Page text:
Skip to content

12 Nutrient Dense, Shelf-Stable Foods

International Food Information Council (IFIC)

January 29, 2024

shelf stable foods_4x3


It’s helpful to have a mix of fresh, frozen, canned and packaged foods in your kitchen for all of your cooking and eating needs. Our partners at the International Food Information Council (IFIC) spotlighting twelve nutrient-dense, shelf-stable foods to include on your shopping list. These foods in particular can help reduce the frequency of your grocery trips and can decrease food waste. Read on to see the list of foods that will keep you stocked and ready for several weeks to months (or more!). 

Article written by Alyssa Pike, RD, with the International Food Information Council (IFIC) 


Potatoes contain vitamin C, potassium, folate and vitamin B6 and come in many shapes, sizes and colors. Choose from red, white, fingerling, sweet potatoes and more. Depending on the type, potatoes should last 2–5 weeks if stored in a cool, dry, dark place, such as a pantry cabinet, or several months if stored 43-60°F. 


Like potatoes, onions contain vitamin C, potassium and vitamin B and come in a few different varieties. Onions will last 1–2 months if stored properly in a cool, dark, place. But don’t store them in the same place you store your potatoes; the gases these foods give off can cause one another to spoil more quickly. 


Apples contain vitamin C and potassium, offer a wide variety of flavor profiles and can be used in all kinds of dishes—from breakfasts to lunches, dinners and snacks. Fresh apples will keep well at room temperature on the counter for 5–7 days or will last up to six months if stored at 30–40°F. 


Oats are a whole grain, a source of (soluble and insoluble) fiber and contain many vitamins and minerals, including manganese, phosphorus, copper, vitamin B1, iron, selenium and magnesium. This heart-healthy option will last in your pantry for up to two years. Of course, always be mindful for any signs of spoilage (e.g. mold or a foul smell).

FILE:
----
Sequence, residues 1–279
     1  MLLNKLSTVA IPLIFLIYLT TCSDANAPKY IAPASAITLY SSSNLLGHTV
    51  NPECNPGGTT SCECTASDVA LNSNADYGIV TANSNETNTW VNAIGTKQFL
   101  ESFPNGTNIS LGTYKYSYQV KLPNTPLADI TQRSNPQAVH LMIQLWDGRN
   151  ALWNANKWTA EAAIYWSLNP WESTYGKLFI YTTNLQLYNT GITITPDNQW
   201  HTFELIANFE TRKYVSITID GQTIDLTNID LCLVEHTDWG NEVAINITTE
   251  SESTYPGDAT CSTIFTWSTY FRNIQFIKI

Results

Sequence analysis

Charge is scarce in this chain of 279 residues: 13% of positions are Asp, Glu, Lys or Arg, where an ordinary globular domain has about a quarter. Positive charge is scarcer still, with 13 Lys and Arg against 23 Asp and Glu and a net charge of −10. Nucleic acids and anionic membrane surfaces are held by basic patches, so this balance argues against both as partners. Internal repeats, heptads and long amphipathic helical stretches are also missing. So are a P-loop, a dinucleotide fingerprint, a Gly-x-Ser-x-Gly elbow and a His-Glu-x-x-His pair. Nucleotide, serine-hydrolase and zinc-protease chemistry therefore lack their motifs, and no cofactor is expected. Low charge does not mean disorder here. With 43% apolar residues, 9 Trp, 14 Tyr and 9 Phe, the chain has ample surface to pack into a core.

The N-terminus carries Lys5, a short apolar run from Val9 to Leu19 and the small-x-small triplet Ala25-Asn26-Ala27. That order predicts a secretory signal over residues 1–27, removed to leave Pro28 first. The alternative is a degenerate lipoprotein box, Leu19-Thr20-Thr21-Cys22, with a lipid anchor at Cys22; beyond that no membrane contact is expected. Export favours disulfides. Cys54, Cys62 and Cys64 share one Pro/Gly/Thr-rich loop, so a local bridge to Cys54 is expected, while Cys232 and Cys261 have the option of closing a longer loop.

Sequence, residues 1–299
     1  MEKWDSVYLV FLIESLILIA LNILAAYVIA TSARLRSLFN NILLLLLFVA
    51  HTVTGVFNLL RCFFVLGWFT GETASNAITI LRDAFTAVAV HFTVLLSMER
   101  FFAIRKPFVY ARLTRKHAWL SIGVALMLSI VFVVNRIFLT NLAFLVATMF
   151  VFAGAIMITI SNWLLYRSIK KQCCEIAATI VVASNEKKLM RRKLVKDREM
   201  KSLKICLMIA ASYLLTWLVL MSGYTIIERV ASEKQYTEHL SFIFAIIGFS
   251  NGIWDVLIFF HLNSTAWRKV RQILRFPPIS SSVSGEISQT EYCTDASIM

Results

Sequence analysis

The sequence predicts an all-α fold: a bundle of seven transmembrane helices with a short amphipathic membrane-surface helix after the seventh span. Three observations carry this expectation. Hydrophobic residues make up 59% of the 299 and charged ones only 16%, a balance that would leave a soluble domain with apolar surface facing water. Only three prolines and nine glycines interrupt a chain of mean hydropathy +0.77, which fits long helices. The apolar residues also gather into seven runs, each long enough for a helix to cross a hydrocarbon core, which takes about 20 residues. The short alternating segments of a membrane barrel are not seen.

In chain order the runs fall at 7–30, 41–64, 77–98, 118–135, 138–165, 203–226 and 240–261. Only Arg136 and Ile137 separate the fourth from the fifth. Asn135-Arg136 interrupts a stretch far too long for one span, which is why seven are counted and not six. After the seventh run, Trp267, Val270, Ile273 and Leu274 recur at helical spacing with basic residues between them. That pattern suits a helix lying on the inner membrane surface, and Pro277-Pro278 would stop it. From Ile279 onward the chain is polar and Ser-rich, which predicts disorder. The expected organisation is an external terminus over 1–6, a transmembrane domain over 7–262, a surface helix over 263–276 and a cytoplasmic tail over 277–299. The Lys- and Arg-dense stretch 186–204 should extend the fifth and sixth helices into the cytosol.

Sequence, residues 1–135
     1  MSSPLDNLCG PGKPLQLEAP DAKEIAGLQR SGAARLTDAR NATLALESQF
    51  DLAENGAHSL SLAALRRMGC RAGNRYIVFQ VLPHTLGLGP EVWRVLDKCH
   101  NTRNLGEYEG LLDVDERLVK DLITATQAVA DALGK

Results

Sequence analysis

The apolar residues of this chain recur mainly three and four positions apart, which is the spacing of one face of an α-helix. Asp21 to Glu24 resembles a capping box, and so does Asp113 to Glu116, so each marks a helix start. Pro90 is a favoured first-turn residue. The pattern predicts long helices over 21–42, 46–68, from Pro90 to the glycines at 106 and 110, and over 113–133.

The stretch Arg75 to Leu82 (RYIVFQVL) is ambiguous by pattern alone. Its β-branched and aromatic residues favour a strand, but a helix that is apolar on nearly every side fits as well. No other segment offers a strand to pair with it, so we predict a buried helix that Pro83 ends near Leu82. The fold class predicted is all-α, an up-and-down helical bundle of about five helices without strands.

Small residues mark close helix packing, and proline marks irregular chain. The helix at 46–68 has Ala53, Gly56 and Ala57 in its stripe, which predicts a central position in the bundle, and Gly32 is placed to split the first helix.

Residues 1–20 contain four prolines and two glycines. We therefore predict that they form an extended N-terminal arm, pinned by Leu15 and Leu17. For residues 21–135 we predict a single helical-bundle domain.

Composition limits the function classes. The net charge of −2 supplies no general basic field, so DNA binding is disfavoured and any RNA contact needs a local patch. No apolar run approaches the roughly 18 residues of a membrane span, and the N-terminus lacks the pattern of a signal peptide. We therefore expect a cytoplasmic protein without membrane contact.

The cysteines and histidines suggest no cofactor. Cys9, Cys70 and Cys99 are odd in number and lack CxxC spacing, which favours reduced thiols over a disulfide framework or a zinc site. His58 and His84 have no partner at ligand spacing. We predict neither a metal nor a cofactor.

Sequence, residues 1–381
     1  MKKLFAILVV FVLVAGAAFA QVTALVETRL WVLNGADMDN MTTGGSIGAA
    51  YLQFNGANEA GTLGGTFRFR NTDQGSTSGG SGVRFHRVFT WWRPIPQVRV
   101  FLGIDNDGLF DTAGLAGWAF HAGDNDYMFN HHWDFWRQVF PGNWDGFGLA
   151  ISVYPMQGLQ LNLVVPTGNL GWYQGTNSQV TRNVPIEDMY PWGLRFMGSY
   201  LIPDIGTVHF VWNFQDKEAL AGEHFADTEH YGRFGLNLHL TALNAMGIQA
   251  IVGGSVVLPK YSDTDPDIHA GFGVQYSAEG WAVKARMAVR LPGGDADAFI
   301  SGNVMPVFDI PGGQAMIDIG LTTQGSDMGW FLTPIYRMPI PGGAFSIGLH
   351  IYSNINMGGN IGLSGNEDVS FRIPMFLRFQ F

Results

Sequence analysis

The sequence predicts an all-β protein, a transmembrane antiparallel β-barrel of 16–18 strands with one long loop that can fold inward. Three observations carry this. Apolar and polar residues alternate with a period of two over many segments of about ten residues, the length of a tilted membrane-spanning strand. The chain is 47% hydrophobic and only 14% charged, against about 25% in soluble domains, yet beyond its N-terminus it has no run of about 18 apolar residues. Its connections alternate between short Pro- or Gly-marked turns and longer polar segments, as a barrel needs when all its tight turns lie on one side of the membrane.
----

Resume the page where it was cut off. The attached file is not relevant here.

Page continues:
Jerky is usually lean meat that has been trimmed, marinated and then dried to prevent spoilage. Jerky is high in protein and contains zinc, vitamin B12, phosphorus, folate and other minerals in lesser amounts. With portability and a shelf-life of 1–2 years, jerky is in it for the long haul. To credit jerky in the CACFP, you must have a CN label or product formulation statement (PFS). 

Canned fruits and vegetables 

Canned fruits and vegetables will last 1–3 years in your pantry and contain a mix of vitamins and minerals. These options can come in handy if you’re looking for a wallet-friendly option. Be mindful of the added sugar content and opt for fruits canned in 100% juice and vegetables canned in water if you’re looking to lower your added sugar intake. 

Cooking oils 

There are many different cooking oils, and each has a slightly different shelf life. Rest assured, almost all cooking oils will last you at least 4–6 months, so you won’t be running to the grocery store every week. 


Rice is another great option when it comes to shelf-stable foods. Brown rice is a whole grain and thus contains more fiber than white rice. Additionally, brown rice is higher in manganese, magnesium, and selenium, while white rice is often enriched with folate. Although white rice will last longer than brown, brown rice will still last you about six months if stored in an airtight container. 


Pasta (both whole wheat and enriched) will last you 1–3 years. Whole wheat pasta contains more fiber, manganese, copper, phosphorus and magnesium than enriched pasta, while enriched pasta contains more thiamin, niacin, riboflavin and folate. Both contain similar amounts of selenium, protein and iron. 

Nut butter 

Easily portable, tasty and shelf-stable, nut butter is a great option. With all the different varieties, you’ll likely be able to find one you like. Most nut butters last about one year and contain a mix of dietary fats. 

Dried beans 

Dried beans are the hidden gem of shelf-stable foods. Despite the different types of beans, most contain a rich array of nutrients, including fiber and protein. If beans are dried, they’ll last almost indefinitely. Be careful to store them in a dry place, as moisture or condensation can lead to spoilage. 

We hope this list is helpful as you grocery shop with longevity in mind. And remember: While many consumers may have heard that “healthy” foods are only found along the perimeter of the grocery store, this list shows that nutrient-dense foods are found all throughout the store. 


For more information, read IFIC’s blog 12 Nutrient-Dense, Shelf-Stable Foods to Include in Your Shopping Cart.